Are brand-name medications better than generic?

No. Brand-name medications are not better, safer or more effective than their generic alternative because they’re virtually the same.

To gain approval from the U.S. Food and Drug Administration (FDA), generic drugs are required to have the same active ingredients, strength and dosage form as their brand-name counterpart. The generic manufacturer must also demonstrate that people absorb the drug at the same rate.

The only difference between a brand-name drug and its generic is the name (generics are usually called by their chemical name), shape and color of the drug (U.S. trademark laws don’t allow generics to look exactly like the their brand-name counterparts) and price.

Generic drugs are often 10 to 30 percent cheaper when they first become available, but by the end of the first year the price can drop in half. And, by the second and third year, it can drop 70 to 90 percent.

Cost Difference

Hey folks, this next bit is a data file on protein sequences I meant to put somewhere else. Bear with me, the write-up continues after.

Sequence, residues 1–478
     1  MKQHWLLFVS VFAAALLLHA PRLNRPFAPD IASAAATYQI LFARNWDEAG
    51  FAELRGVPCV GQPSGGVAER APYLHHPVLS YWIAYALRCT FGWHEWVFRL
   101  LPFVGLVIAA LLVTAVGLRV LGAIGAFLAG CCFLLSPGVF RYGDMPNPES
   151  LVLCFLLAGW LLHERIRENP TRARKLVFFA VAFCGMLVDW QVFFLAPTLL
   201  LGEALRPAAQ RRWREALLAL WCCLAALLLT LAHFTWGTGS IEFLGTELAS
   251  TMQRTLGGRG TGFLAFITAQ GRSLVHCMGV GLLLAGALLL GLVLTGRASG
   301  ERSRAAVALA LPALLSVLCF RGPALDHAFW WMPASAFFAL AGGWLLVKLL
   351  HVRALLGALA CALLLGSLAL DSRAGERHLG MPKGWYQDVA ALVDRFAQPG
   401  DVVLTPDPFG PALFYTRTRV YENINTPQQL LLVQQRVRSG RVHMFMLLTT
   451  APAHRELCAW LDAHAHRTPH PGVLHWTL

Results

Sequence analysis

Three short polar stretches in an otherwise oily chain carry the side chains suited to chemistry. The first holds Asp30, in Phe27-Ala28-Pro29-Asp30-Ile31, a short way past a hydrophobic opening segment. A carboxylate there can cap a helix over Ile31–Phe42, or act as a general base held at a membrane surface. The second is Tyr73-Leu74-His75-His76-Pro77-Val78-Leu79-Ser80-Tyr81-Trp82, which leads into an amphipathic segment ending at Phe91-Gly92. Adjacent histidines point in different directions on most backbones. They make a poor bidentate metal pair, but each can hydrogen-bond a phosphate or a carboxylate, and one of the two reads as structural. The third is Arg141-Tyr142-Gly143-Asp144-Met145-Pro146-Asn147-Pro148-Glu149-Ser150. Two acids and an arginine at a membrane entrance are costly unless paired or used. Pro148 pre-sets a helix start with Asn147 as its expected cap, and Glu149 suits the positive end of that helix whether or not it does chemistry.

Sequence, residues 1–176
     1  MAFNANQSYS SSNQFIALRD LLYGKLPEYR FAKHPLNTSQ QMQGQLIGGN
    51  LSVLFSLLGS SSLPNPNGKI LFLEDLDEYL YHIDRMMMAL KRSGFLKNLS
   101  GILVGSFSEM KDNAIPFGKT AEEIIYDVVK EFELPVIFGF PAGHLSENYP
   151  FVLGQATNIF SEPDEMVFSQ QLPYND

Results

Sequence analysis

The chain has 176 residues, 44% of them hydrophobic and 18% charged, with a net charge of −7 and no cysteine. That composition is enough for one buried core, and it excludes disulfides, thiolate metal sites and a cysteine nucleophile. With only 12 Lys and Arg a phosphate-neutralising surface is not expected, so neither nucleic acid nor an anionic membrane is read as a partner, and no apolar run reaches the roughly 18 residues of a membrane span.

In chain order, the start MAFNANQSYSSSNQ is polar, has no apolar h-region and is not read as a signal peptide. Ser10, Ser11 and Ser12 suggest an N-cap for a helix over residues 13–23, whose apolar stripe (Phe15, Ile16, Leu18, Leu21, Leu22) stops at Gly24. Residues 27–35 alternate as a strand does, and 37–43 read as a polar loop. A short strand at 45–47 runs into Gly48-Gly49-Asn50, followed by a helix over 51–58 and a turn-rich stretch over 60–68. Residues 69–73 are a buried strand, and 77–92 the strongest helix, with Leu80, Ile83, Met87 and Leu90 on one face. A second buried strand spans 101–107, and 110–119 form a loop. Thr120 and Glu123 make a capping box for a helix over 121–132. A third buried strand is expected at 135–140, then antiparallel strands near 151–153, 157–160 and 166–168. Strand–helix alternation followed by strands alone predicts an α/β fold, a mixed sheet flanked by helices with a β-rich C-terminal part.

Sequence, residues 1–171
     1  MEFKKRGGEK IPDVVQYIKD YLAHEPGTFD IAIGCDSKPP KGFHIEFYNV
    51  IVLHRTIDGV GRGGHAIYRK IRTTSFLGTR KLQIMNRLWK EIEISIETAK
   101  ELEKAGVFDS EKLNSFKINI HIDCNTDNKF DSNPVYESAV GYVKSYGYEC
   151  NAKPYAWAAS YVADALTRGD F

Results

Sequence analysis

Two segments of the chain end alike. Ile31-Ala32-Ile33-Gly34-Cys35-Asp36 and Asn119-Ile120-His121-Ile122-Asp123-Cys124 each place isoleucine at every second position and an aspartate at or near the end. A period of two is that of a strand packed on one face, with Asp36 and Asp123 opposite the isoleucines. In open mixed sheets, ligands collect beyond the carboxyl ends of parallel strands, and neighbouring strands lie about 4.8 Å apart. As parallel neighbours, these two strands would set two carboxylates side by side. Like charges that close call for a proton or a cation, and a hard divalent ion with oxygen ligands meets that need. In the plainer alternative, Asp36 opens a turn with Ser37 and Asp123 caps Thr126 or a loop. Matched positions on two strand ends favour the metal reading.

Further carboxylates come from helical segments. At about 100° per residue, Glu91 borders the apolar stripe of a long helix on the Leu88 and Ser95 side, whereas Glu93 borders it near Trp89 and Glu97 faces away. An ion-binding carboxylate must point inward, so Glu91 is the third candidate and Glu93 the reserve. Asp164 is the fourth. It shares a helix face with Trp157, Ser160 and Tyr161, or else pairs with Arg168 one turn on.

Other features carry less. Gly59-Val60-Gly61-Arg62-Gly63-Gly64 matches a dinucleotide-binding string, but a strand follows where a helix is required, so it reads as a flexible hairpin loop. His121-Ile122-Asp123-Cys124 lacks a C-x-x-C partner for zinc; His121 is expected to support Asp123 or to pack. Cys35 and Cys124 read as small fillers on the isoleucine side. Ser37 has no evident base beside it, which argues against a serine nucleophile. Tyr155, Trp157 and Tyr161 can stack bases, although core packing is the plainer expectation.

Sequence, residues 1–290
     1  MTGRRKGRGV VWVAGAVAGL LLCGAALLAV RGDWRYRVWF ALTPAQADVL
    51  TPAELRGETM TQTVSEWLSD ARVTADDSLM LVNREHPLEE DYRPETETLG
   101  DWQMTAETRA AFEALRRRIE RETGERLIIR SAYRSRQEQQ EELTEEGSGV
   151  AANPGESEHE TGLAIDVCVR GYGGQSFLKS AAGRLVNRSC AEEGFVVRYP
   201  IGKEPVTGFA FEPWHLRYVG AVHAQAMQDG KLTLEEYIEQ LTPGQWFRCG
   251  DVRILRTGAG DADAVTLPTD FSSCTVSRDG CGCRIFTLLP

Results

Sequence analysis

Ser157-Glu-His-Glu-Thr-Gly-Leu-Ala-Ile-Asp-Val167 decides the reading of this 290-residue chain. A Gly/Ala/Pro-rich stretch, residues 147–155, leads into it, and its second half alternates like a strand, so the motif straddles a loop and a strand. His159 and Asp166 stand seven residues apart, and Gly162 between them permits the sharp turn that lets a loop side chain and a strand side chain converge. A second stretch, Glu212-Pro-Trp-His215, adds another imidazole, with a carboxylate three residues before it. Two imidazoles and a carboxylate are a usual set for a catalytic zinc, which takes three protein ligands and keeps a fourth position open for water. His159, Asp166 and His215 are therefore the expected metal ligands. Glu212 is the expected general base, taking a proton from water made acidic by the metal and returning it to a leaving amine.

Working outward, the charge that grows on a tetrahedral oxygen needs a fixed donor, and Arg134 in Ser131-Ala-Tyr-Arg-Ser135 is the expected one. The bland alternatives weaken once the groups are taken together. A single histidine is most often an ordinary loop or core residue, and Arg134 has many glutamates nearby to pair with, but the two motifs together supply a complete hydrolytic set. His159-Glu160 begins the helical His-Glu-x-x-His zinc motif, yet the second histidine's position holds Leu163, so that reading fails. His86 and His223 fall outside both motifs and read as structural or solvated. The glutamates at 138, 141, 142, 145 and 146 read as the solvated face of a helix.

The reason generic drugs are so much cheaper is because their manufacturers don’t have the hefty start-up costs that the original creators of the drug do.

When a pharmaceutical company creates a new drug, it spends millions of dollars on the research, development and clinical testing phase. Then, if it gets FDA approval, it has to turn around and spend even more money to market the drug to the health care industry and the public.

The total cost can rise into the hundreds of millions by the time the drug is in the hands of consumers.

In an effort to recoup their investment, the brand-name drug makers charge a premium price, and are given a 20-year patent protection, which means that no other company can make or sell the drug during that period of time.

After those 20 years are up, however, other companies can apply to the FDA to sell generic versions. But because generic manufacturers don’t have the same research, development and marketing costs, they can sell their product much cheaper.

Also, once generic drugs are approved, there’s greater competition, which drives the price down. Today, nearly 8 in 10 prescriptions filled in the United States are for generics, which saves U.S. consumers around $3 billion every week.

New Generics